mRNA expression of various human transglutaminases in MDA-MB-231 cells and tumour xenograft tissue
The expression of various tumour-related transglutaminases was determined by means of qPCR on both in vitro cultured MDA-MB-231 tumour cells and ex vivo MDA-MB-231 tumour material obtained after tumour inoculation in SCID mice. RNA expression levels of transglutaminase types 1–3 and 5 and blood coagulation factor XIII (TG1, TG2, TG3, TG5 and FXIII) were quantitatively determined relative to GAPDH RNA expression (Fig. 2). In MDA-MB-231 tumour cells as well as in tumour tissue, TG2 mRNA was most abundant. Low levels of TG1 mRNA were observed in both cells and tissue, whereas TG3 and TG5 mRNA were absent. FXIII mRNA was absent in cultured MDA-MB-231 tumour cells, whereas in tumour tissue low levels, relative to TG2 mRNA, were found.
Metabolite analysis of [11C]1 and [18F]2 in SCID mice
In SCID mice, compound [11C]1 demonstrated moderate metabolism, with 24% intact tracer after 45 min (Table 2). Mainly polar metabolites were formed. [18F]2 was fully metabolised to a single metabolite after 45 min. The metabolite was identified by LC-MS/MS analysis as the demethylated parent M1 (Fig. 3).
Representative images (0–30 min for [18F]FDG scans and last time-frame, 40–60 min, for [11C]1 and [18F]2) and time-activity curves (TAC) of 60 min scans using [11C]1 and [18F]2 under both baseline and blocking conditions (n = 4 per group) are depicted in Fig. 4a, b, respectively. The [18F]FDG scans revealed rather low uptake in the centres of the tumours, indicating mainly that the rims of the tumours were viable. Under baseline conditions, uptake of [11C]1 in the tumour at baseline conditions showed a peak at 5–10 min after injection (Fig. 4a). Washout, however, was fast and activity concentrations were comparable to those in background tissue (i.e. the muscle, right femur). Furthermore, blocking of TG2 by pretreatment with ERW1041E did not result in lower tumour activity levels, but rather resulted in a counterintuitive significant increase in tumour activity, as well as in increased muscle activity concentration. PET scanning using compound [18F]2 showed a time-dependent accumulation in tumour tissue up to 1.7 %ID/g at the 40–60 min time-frame, suggesting irreversible tumour targeting. Background values (the muscle, right femur) reached 0.8 %ID/g at this time-point, which is significantly lower (p = 0.0004) and did not display an increase in tissue activity over the scanning period (Fig. 4b). Pretreatment of the animals with the TG2 inhibitor ERW1041E resulted in a decrease in activity accumulation in the tumour tissue to 1.4 %ID/g, although this difference was not statistically significant (p = 0.06). A drastic and significant decrease in tumour activity concentration, however, was observed when unlabelled 2 was co-administered, to approximately 1.0 %ID/g (p = 0.007).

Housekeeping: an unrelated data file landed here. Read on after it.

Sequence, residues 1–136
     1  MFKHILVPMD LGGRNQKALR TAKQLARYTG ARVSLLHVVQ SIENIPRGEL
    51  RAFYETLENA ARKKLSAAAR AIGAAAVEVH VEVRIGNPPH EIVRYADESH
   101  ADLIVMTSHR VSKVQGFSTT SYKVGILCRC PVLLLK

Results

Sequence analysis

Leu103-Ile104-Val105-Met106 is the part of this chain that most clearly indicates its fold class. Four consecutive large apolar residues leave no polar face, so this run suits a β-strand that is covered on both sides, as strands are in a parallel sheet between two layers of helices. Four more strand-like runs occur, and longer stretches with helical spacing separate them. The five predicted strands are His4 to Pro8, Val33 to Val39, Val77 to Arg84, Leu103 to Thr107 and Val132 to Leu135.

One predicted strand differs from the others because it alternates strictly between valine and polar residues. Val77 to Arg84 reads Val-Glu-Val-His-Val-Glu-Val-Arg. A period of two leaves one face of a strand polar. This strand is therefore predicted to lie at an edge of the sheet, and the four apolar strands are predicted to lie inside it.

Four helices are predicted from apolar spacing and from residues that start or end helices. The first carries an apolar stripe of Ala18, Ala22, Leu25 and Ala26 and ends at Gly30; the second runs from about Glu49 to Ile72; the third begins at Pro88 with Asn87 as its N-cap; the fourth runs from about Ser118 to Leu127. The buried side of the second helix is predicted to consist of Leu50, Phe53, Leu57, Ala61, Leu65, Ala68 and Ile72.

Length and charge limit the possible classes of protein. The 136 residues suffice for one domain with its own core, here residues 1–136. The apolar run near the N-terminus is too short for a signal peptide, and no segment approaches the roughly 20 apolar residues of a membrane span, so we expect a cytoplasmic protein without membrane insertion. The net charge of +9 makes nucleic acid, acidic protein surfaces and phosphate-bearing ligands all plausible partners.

TG2 expression in MDA-MB-231 tumour tissue—immunohistochemistry and autoradiography on tumour tissue
Following sacrifice of the animals, tumour sections were evaluated histochemically for TG2 expression and TG2 activity (representative sections of tumour tissues of three separate animals are shown in Fig. 5). In all tumours, haematoxylin/eosin staining (Fig. 5a) demonstrated areas with low nuclei concentrations in the core of the tumour, hinting at central necrosis. Immunohistochemical staining for TG2 expression (Fig. 5b) resulted in a distribution pattern highly resembling the haematoxylin/eosin staining, showing that TG2 is predominantly expressed in the viable part of the tumours. Transglutaminase-mediated BAP incorporation (Fig. 5c) and in vitro autoradiography employing [18F]2 (Fig. 5d), both means of measuring the open (active) conformation of transglutaminase, demonstrated a similar distribution pattern as observed with the anti-TG2 antibody and the haematoxylin/eosin staining, i.e. incorporation of the substrate and inhibitor in the viable areas of tumour tissue.
Transglutaminase mRNA expression in both MDA-MB-231 tumour cells and xenograft tissue essentially was limited to TG2 mRNA and exceeded other transglutaminases by at least a factor ten. The detection of FXIII mRNA in tumour tissue, which is most likely derived from the blood component of the tumour tissue, does not hamper the use of both [11C]1 and [18F]2 TG2 PET tracers, as both compounds show no affinity for activated FXIII [19, 20]. Consequently, these findings imply that the MDA-MB-231 xenograft model is suitable for TG2 PET tracer evaluation.